Continuing my review of the Women’s Prize for Fiction longlist with two very different titles.
Rachel Seiffert’s A Boy In Winter is set over the course of a few days in 1941, when the SS advance on a small Ukrainian town and round up its Jews. The book is narrated by a number of characters. Ephraim and Miryam, a Jewish couple, wait to be transported with their daughter Rosa while they fear for the fate of their two sons, Yankel and Momick, who have gone missing. Otto Pohl, a German engineer, recoiling from the Nazi Party, has managed to avoid conscription into the army and has been sent to this outpost to build a new road; however, much as he tries to shut his eyes, he soon becomes uneasily aware of what’s going on. Yasia, a ‘marsh girl’, has trekked from the countryside in search of her lover, Mykola, who has recently been released from the Red Army only to become entangled with the SS. Finally, we hear from Yankel himself, the ‘boy in winter’, who is on the run with his little brother.
A novel which deals with such events cannot fail to be moving, and Seiffert’s spare and effective writing style illuminates the horrors she describes. However, I did find myself asking what purpose it serves to retell this very familiar narrative. (While I don’t believe I’ve read a Holocaust novel before that’s specifically set in the Ukraine, the setting lends little to the story, with only very brief mentions of the legacy of the Soviet occupation, for example.) Seiffert has written about how she perceives parallels between the current political climate and 1930s Germany, but, whether or not we might feel such parallels are helpful or accurate, I didn’t feel that A Boy In Winter really led me to reflect on anything other than the very specific historical moment it deals with. Its central cast are also pretty stock. Writers need to have a very good reason for evoking such a painful and brutal history, and I wasn’t sure that A Boy In Winter added enough to the extensive fiction on the Third Reich and the Holocaust to justify telling this story again.
Joanna Cannon’s second novel, Three Things About Elsie, feels strongly reminiscent of both Emma Healey’s Elizabeth Is Missing and Gail Honeyman’s Eleanor Oliphant Is Completely Fine. Florence is eighty-four and living in a care home, Cherry Tree; her closest companion is her best friend Elsie. She lives in fear of detoriating so much she has to be moved to Greenbanks, where she can receive full-time nursing care, and is told at the beginning of the novel that she is on a month’s ‘probation’. However, Florence believes that the newest resident of the care home is out to get her – and moreover, that he is implicated in the death of Elsie’s sister Beryl decades ago.
Cannon is an astute observer, and there are lots of clever and touching lines in Three Things About Elsie. One of the carers, Miss Ambrose, ‘always looked like someone who hadn’t had quite enough sleep, but had put on another coat of lipstick and enthusiasm, in an effort to make sure the rest of the world didn’t ever find her out.’ Elsie’s father ‘left for the war and returned as a telegram on the mantlepiece. Her mother was convinced they’d made a mistake, and she would roll her eyes and tut at the telegram, as though it was deliberately trying to trick her into early widowhood.’ Like fellow longlistee Kit de Waal, Cannon writes especially well about time, especially for the old. ‘It feels like yesterday… Sometimes, I think there must be a shortcut between the past and the present, but no-one bothers to tell you about it until you get old,’ Florence says to Elsie. ‘There were times when the present felt so unimportant, so unnecessary,’ she thinks. ‘Just somewhere I had to dip into from time to time, out of politeness.’ I enjoyed Florence’s stubborn resistance to the norms of the care home, and her determination to hang on to her individuality.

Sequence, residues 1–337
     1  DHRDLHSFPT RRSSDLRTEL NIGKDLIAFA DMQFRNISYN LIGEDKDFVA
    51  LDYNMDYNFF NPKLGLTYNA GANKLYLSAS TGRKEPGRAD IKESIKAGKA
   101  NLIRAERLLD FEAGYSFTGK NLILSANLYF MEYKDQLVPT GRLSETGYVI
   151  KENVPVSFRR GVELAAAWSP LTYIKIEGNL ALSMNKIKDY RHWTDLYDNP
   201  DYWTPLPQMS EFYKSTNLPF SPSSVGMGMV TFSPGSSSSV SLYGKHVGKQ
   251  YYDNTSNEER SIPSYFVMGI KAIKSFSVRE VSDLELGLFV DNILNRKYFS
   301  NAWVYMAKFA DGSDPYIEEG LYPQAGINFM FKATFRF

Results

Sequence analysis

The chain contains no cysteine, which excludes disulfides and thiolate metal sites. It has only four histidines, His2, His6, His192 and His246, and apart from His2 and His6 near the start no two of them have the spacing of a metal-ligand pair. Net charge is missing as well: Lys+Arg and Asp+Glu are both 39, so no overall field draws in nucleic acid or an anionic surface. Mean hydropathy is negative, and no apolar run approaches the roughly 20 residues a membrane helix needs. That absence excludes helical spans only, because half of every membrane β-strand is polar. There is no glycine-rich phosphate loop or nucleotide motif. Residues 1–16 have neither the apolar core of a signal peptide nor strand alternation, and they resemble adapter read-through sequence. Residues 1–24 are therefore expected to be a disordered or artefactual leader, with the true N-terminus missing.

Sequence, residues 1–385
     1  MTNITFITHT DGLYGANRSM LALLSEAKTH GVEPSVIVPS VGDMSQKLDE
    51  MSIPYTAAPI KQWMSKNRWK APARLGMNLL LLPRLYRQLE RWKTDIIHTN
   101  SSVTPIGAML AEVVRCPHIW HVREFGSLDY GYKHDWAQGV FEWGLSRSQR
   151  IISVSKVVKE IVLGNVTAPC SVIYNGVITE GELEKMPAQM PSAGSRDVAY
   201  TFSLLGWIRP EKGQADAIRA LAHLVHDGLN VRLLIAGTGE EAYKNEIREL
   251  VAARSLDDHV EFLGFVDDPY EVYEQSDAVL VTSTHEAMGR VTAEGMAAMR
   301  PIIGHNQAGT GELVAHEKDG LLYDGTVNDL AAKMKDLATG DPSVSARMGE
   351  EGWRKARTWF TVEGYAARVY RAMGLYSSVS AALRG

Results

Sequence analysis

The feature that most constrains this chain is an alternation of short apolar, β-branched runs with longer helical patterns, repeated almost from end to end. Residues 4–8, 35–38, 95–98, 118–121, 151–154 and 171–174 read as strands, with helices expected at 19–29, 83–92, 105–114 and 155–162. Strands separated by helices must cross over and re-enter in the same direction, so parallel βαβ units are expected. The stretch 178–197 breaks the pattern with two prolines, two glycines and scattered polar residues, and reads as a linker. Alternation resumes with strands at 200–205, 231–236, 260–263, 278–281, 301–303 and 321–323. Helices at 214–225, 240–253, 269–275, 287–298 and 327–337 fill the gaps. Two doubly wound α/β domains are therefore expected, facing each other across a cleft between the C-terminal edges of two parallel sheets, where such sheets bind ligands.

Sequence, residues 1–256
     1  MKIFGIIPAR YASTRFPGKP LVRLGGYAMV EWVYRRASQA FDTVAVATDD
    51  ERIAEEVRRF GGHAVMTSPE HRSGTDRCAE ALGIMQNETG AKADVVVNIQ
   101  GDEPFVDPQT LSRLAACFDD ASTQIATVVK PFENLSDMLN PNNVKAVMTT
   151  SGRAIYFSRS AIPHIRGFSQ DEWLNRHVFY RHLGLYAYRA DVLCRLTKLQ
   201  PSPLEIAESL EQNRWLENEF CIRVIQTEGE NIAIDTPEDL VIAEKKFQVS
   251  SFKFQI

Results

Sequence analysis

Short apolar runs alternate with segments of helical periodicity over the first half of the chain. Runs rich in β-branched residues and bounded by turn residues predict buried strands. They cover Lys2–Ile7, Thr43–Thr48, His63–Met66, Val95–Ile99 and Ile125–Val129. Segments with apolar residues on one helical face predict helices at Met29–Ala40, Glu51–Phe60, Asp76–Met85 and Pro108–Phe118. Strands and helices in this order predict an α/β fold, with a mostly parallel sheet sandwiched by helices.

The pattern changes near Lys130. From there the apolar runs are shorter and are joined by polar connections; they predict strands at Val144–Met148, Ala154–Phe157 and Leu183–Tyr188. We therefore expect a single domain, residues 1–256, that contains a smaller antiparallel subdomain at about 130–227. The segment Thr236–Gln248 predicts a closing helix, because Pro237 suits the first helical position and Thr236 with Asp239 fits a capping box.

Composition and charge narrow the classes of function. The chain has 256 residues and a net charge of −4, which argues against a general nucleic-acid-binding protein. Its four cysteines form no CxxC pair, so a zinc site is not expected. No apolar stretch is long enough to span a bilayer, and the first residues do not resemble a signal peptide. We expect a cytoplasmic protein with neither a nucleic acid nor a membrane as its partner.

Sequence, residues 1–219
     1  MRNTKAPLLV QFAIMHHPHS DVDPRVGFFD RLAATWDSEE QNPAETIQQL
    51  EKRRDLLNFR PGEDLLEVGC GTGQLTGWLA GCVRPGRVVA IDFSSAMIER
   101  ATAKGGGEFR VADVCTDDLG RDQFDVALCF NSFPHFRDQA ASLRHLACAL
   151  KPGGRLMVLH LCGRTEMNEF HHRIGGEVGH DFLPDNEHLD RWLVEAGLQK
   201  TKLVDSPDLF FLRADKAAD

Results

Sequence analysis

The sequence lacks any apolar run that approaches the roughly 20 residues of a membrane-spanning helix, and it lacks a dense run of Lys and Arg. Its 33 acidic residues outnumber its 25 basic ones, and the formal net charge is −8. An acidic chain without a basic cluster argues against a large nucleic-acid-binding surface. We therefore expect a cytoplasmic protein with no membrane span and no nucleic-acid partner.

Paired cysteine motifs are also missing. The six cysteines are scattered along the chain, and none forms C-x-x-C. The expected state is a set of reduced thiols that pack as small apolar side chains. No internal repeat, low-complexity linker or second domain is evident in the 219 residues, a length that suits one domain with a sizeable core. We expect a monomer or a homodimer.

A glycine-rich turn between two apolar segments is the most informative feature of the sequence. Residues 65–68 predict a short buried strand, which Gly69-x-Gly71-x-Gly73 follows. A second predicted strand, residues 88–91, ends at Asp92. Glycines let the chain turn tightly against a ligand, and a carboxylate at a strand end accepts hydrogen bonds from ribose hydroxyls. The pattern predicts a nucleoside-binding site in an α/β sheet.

However, Cannon’s observations can also be a bit too obvious, especially when spelling out the morals of her story. ‘It’s called sheltered accommodation, but I’d never quite been able to work out what it was we were being sheltered from… I often wondered if it was actually the world being sheltered from us.’ My biggest problem with Three Things About Elsie, however, was the structure. We know early on that there’s a mystery surrounding Elsie, and I worked out instantly what it was, which made me feel increasingly irritated that it was positioned as a twist at the end – it would have been better, I think, to make it clear from the start. Because the book is so long, Florence’s confusions about what is real and not real became increasingly difficult to follow. I have to admit, books where the protagonist is generally confused in their own mind (rather than suffering amnesia about a specific incident) are not really my thing, as I get tired of so much uncertainty. Sections from the point of view of some of the care home staff didn’t seem to add much; nor did the past/present structure, where we flash between Florence lying on the floor of her room after a fall and her investigations a month earlier.
Three Things About Elsie has been categorised as ‘up lit’, which I don’t think should be confused with ‘cheery’. It’s a sad and difficult book in many ways. However, for me, the ‘up lit’ category seems to single out books where bad things can and do happen, but the majority of the characters are benign and well-intentioned, and kindness is emphasised as a key virtue. Three Things About Elsie definitely fulfils that criteria. It’s an easy, and, in many ways, refreshing read, but I personally wouldn’t put it on the Woman’s Prize shortlist.